From 1865 to 2018, the Golden Mill at 1012 Ford Street was a hub of activity in Golden. Come early 2021, it will be once again. That’s when Golden Mill feed & drink, the long-awaited food hall …
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From 1865 to 2018, the Golden Mill at 1012 Ford Street was a hub of activity in Golden. Come early 2021, it will be once again.
That’s when Golden Mill feed & drink, the long-awaited food hall and community gathering place being constructed at the site, is now slated to open its doors.
Originally targeted to open in 2019, the hall’s opening has been slowed by the COVID-19 pandemic and other delays. But Susan Ganter, who teamed up with her husband and two other area couples to open the hall, said the pandemic and the challenges it is presenting for restaurants and food halls everywhere hasn’t dampened their enthusiasm for or belief in the project.
“We were already at a point where you just don’t turn back,” Ganter said of continuing work on the hall amid the pandemic. “And we are so excited about the project and believe that people are going to want to be wanting to come together and missing that connection.”
The team’s desire to foster that sense of connection will be woven into the DNA of the new space, which will feature a large outdoor plaza and rooftop deck (a first for downtown Golden) in addition to four different restaurant stalls, “a café area,” private event spaces and a beer hall.
Although Golden Mill is intended to be a destination for eating and drinking, Ganter said there are plans for the outdoor plaza, which faces Ford Street, to host live music, pop up markets and other events in an effort to “keep the space activated.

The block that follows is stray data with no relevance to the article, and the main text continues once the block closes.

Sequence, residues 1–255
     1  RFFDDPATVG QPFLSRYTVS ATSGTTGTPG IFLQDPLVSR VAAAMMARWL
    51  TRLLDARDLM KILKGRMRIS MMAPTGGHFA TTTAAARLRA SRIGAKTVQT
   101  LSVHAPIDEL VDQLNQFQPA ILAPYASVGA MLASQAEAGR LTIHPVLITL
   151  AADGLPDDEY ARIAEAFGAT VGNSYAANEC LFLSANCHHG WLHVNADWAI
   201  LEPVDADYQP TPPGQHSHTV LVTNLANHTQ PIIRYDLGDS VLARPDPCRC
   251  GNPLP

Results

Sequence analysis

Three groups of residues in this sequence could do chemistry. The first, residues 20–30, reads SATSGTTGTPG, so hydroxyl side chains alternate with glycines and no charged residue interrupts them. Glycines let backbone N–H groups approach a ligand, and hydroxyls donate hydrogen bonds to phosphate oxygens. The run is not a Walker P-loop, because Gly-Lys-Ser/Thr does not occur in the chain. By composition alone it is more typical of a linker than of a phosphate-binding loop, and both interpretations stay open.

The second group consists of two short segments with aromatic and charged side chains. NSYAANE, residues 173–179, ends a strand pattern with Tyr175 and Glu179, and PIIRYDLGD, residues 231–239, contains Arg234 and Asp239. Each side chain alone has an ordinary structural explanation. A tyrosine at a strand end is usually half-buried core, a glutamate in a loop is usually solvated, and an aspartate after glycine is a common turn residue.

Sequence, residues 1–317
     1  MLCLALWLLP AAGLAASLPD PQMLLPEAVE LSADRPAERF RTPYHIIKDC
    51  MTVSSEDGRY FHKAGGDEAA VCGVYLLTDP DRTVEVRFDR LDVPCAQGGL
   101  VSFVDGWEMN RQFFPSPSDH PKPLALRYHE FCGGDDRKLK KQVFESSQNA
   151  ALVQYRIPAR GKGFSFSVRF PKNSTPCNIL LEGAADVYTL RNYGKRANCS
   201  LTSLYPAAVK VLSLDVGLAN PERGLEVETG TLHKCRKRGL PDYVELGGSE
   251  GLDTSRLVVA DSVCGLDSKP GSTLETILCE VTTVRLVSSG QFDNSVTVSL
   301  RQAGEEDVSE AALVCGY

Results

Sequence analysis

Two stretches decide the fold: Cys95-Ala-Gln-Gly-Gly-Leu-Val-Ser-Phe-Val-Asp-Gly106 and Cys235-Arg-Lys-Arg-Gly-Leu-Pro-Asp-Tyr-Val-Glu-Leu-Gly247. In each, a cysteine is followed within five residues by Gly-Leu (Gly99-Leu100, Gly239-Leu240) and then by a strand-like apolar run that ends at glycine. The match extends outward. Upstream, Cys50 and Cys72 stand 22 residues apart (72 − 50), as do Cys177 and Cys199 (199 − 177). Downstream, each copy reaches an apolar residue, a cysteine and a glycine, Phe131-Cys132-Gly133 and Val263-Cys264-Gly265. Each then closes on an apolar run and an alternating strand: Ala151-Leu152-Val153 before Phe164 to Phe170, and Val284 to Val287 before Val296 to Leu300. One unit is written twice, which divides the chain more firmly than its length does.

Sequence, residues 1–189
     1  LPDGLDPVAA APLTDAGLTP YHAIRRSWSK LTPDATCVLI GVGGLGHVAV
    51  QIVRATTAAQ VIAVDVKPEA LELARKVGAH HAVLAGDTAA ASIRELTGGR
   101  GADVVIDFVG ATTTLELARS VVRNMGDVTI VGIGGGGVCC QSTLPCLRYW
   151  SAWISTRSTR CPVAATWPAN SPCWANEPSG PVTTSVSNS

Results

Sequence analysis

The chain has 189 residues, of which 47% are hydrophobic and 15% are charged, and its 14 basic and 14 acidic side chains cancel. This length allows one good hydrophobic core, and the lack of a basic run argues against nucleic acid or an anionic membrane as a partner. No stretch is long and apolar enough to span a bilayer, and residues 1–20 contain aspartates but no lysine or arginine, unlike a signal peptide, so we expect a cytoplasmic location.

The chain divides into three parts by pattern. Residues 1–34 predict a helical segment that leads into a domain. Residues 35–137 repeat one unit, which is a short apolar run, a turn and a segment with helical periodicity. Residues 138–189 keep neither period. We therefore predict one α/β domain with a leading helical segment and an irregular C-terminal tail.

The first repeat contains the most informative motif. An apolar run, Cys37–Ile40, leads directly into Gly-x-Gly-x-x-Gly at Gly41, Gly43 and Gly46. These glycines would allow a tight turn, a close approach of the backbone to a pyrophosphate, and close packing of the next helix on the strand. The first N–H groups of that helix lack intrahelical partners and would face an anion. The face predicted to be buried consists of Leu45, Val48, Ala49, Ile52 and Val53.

The rooftop, which Ganter said will be outfitted with heaters and a fire pit to create a space that can be enjoyed nine months a year if not year-around, will offer a unique perspective from which to view Clear Creek, North and South Table Mountains and other landmarks of central Golden.
“The views are just unbelievable,” Ganter said. “It will be great to sit up here with a drink in the summer and watch the tubers float by.”
The central downtown location that allows for those views will also make the hall a draw to locals and tourists alike.
“The Golden Mill food hall has been eagerly anticipated by the Golden community who appreciate the history, concept and local people behind it,” said Megan Pinson, a community marketing coordinator for Visit Golden. “ With its location so close to Coors, I’m sure it will be the beneficiary of a lot of tour traffic once they are running again.”
The team is not quite ready to announce specifics about what will occupy the food stalls but hopes to give some details by October or November.
In an age when it sometimes feels like there is a food hall opening on every other block in metro Denver (Golden already has the Tributary Food Hall & Drinkery located just a short block away from Golden Mill on 12th Street), the Golden Mill team says the space’s history will be one of its draws.
Prior to starting construction, they went through a process to get both sides of the building designated historic by the city. They are also constructing a glass stairway structure that is meant to mimic the mill race that brought water into the mill and planning to keep and restore the iconic Golden Mill mural sign on the Ford Street side of the building that dates back to the 1950s.
“We really wanted to use the history of the building,” Ganter said. “A big part of the reason we bought it in the first place is we wanted to keep Golden Mill as a space for the community rather than see it torn down to build housing or something.”
That will likely be welcome news to longtime residents like Mary Ramstetter.
“People used to talk about Golden in relation to where the feed store was,” Ramstetter told the Transcript in 2018. “It’s a real landmark.”
Now, perhaps, they will talk about in relation to where the Golden Mill food hall is.
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